So this week, I am fortunate enough to be spending my time at the Royal Welsh Show. I can’t fail to be impressed by it, it is refreshing to see a show which maintains it’s agricultural focus and its been a great opportunity to talk to Welsh farmers about what theissues are but also have a bit of a look at what advice and research they have going on concerning GHG emissions reductions and climate change mitigation.
On my wanders round the stands I came across a booklet produced by Hybu Cig Cymru (HCC) which was entitled Reducing methane emissions from sheep and thought that it would be a good subject for this week’s blog, so here goes.
The Welsh government (as in England) has set out a commitment to reducing GHG emissions by 3% per year from 2011. In Wales the percentage that comes from agriculture is estimated to be around 9% of total emissions.
For sheep production, reducing methane emissions is the main challenge. And as we all know, the
actual amount of methane produced by an animal depends on various factors including the level of feed intake, feed quality and differences in an animal’s own efficiency of food conversion.
How to reduce methane emission from sheep
HCC advocate hat here are various different options that will help to reduce emissions from sheep. These can broadly be divided into two categories – nutritional strategies and increasing efficiencies.
One of the ways to reduce the amount of methane emitted by the sheep is to alter the diet that they are eating. This can be done by changing the feed components that they are eating, or adding specific compounds that are designed to suppress methane production. Welsh research is currently looking at the use of high sugar grasses, the addition of garlic to feed and also breeding high lipid content oats (to suppress methane production). Once the results are published, we will keep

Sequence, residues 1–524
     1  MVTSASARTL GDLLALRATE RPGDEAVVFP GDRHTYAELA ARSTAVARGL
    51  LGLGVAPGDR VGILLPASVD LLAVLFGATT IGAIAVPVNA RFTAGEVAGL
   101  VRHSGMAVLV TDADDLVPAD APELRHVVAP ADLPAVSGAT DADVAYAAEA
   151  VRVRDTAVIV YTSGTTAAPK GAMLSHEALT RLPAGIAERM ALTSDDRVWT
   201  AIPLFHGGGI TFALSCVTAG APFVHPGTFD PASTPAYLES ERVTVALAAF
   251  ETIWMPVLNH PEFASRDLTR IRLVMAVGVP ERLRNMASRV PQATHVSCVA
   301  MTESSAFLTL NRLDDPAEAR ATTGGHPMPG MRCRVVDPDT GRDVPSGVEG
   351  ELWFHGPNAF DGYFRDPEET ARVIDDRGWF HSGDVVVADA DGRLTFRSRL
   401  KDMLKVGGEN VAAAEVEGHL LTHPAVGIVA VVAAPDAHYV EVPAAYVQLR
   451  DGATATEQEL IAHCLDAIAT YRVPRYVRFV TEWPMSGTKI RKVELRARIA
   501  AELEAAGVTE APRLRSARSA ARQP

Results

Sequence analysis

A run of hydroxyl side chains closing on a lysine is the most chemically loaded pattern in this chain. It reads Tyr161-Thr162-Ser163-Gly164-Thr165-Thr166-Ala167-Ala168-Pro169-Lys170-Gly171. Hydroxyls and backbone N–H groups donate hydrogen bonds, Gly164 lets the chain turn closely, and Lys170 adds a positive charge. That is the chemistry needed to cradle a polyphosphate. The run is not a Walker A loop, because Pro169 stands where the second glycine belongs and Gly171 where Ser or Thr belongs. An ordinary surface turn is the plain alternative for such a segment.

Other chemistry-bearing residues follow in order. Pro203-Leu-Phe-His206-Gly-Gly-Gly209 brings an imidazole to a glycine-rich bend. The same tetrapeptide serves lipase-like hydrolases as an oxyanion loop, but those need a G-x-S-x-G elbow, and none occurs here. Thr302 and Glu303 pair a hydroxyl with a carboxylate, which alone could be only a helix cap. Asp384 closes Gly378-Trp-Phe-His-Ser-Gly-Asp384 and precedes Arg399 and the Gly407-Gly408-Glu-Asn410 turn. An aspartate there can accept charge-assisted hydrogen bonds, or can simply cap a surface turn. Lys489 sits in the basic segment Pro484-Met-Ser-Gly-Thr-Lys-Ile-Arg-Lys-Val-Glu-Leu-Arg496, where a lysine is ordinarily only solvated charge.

you up to date.
This approach is based on reducing methane emissions per kilo of lamb produced. Methane production
is linked to energy requirements and feed intake therefore although increasing
production increases the total energy requirement (and methane produced) the
proportion of energy that is required for maintenance is reduced. When you are looking at levels of production, the overall methane emissions per unit of output is lower for more productive
animals. However, a slight word of caution, while improving profitability is one of the key principles to reducing methane emissions, to be effective it needs to come from a drive to be more
efficient rather that just by increasing inputs.
The HCC have done research into the potential to use production traits in breeding and breed more efficient animals, and then looked at what the effect is on the methane emissions from those more productive animals. Genetic improvement is able to play a vital role in improving production efficiency. Data from HCC (as from EBLEX in England, available in the Toolkit) shows that using high index rams can provide financial benefits ranging from £2 to £3.50 per finished lamb.
Increasing rearing percentage, growth rate of slaughter
lambs and increased longevity in replacements and breeding stock will also
reduce methane emissions and produce more efficienct animals, and these are traits which can be used in
Research has just finished in Wales looking at the effect of
breeding sheep for individual traits on methane emissions. Traits looked at were lamb growth rate,
carcass confirmation and weight, lamb survival, ewe litter size and ewe
longevity, and the model considered both hill and lowland flocks.
The full results are available here, but the results show
that a reduction in methane emissions is possible from looking at breeding
regimes and maximising efficiency.
Changing management to make your flock more efficient will reduce
emissions. For example improving traits
such as lamb survival through improvements in flock management will lower
methane emissions per tonne of carcass produced.
To read the full report please click here. And if you are visiting the show, do come and say hello, I am in the green pavilion.